Catherine Onyemelukwe

Author, Blogger, Speaker

New Yam Festival

New Yam Festival

You know that I love Igbo culture. This article in has five photos that are really lovely examples of Igbo culture. All are related to the New Yam Festival which takes place now, at the end of August.

Three views of the jigida worn by masquerades at the New Yam Festival

Three views of the jigida worn by masquerades

The New Yam Festival is celebrated at different times in different towns and villages. But all will have at least some of the elements pictured in the article.

Masquerades are certainly a major part of the New Yam Festival. Not many people today believe that the masquerades appear from inside the earth. However they are still respected for their traditional role as spirits of the ancestors and enforcers of a town’s customs.

The sound of approaching masquerades is unique. Each masquerade wears one or two raffia ropes, called jigida, tied at his ankles or waist. On the rope are dry pods, attached in pairs, so they hit each other as he runs.


Masquerades are an important part of the New Yam Festival.

I find that jigida now – or always? – also means the waist beads of glass or ceramic that women wear, not just the ‘native’ ones with the pods.

You can even buy Nigerian waist beads on Etsy or eBay! But none  that I saw have the traditional pods. Who knew?

UN Secretary General – a Woman?

Isn’t it time that the UN is headed by a woman?

Sec. General Ban Ki-Moon’s term is up at the end of this year. This year there is a serious attempt to make the selection process more open than it has been in the past. Previous selections were made by the Security Council and then – always – ratified by the General Assembly.

Countries were asked to submit nominations this year. There are ten nominees. Five are women!

There are several considerations among the member countries. Regional representation is one. Eastern Europe has never produced a Secretary General.

But there is a problem. “. . . tension between Russia and Western permanent members over the conflict in Ukraine has raised the possibility of deadlock over an Eastern European nominee, meaning that candidates from other regions (particularly non-European members of the Western European and Others Group and Latin America) are being seriously considered.”

Helen Clark, candidate, and UNDP administrator

Helen Clark, candidate, and UNDP administrator

Personally, I think I’d choose Helen Clark, just because she is better known than the others (meaning I know of her but have barely heard of any others).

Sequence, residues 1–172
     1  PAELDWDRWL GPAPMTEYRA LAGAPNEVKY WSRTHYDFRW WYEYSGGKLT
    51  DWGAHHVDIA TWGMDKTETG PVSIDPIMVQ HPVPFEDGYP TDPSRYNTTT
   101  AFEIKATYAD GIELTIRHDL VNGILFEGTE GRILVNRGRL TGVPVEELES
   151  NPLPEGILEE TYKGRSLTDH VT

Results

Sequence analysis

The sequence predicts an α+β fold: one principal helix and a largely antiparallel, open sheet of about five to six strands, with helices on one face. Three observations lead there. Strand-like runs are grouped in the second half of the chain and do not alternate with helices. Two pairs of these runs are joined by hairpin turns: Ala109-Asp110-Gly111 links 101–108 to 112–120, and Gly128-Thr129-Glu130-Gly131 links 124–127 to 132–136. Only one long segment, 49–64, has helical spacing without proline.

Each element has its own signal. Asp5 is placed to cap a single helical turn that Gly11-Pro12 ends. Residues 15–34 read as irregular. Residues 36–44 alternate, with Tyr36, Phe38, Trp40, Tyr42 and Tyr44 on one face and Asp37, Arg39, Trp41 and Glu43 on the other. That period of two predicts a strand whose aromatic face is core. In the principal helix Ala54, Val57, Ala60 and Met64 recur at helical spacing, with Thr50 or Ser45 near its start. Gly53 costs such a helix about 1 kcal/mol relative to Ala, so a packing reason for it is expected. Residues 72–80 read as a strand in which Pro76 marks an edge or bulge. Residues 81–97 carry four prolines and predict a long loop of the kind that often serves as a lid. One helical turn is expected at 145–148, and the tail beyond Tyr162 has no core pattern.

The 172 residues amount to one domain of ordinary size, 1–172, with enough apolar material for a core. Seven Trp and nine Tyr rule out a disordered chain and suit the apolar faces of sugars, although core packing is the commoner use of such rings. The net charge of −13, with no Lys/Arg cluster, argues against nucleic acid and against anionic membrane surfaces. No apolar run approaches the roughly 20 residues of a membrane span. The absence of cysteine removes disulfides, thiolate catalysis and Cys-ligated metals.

But I also really like Irina Bokova because she is Director General of UNESCO and was Acting Foreign Minister of her country Bulgaria. Those roles should give her the experience she’d need heading the fractious UN. But all the women are impressive. Who would you pick?

There have been several straw polls among the member states, the latest was yesterday. You can see the results here.

I haven’t seen the date of the actual election. If you know, please share!

Meanwhile, UNWomen has posted a statement encouraging the selection of a female Secretary General.

Rev. Dr. Martin Luther King, Still Amazing

On Sunday afternoon NPR played at least part of Dr. Martin Luther King’s “I Have a Dream” speech from Aug. 28, 1963. I only caught it near the end.

Rev. Dr. Martin Luther King, Jr.

Rev. Dr. Martin Luther King, Jr.

The voice and the words are so powerful. I had to pause to listen. “In the words of the old Negro spiritual, free at last.. . ”

The reporter said he was in the NPR studio just a few miles away from the site of the speech.

What would Dr. King say of our state of affairs today?

Chibok Girls

President Buhari was in Kenya at the sixth Tokyo International Conference for African Development (TICAD VI) organized by the Japanese government. When he spoke with reporters he said his administration is ready to discuss a swap. They would exchange detained Boko Haram fighters for the Chibok girls.

But he needs to know the people who are negotiating actually have the girls and can guarantee their release.

These would be very delicate negotiations. I wish him and his administration success!

Nigeria as an Investment Destination

The Nigerian President also revealed what the media called a top secret!

The secret? “Speaking at a plenary session on ‘Dialogue with the Private Sector’  President Buhari said his administration is implementing policies and measures to create right and enabling environment for business and investors in Nigeria.”

He said he will make Nigeria into one of the top 100 countries as an investment destination by 2019!

Nigeria has a long way to go in three years! It is “currently ranked 169 out of 189 countries by the World Bank, according to the Bank’s 2016 Ease of Doing Business report.”

Can it happen? Not without a lot of change, one of which is better customer service and quick responses to inquiries!

I’ve been contacting bookstores in Nigeria, trying to find one to carry my memoir. No reply so far!

Groundnut Stew

groundnut stew

My groundnut soup or stew

I’m cooking groundnut stew, also called peanut stew, for a potluck supper tonight. I found two recipes, one called Liberian Peanut Soup, comes via Helene Cooper of the New York Times. The other is just called Groundnut Stew.

I’m taking some from each and adding a little of my own creativity. It already tasted good. Now I’ve added the okra and the peanut butter.

I hope my friends like it!

Author: Catherine Onyemelukwe

Author, blogger, speaker. Born in New York, grew up in mid west United States, lived in Nigeria for 24 years, back in U.S. since 1986. Advocate for racial justice.


  1. Catherine — As always, I can find much to enjoy in your blog! And, your peanut stew looks amazing! I can see your next book as a cultural journey of Igbo foods; something like an ethnography of Igbo foods.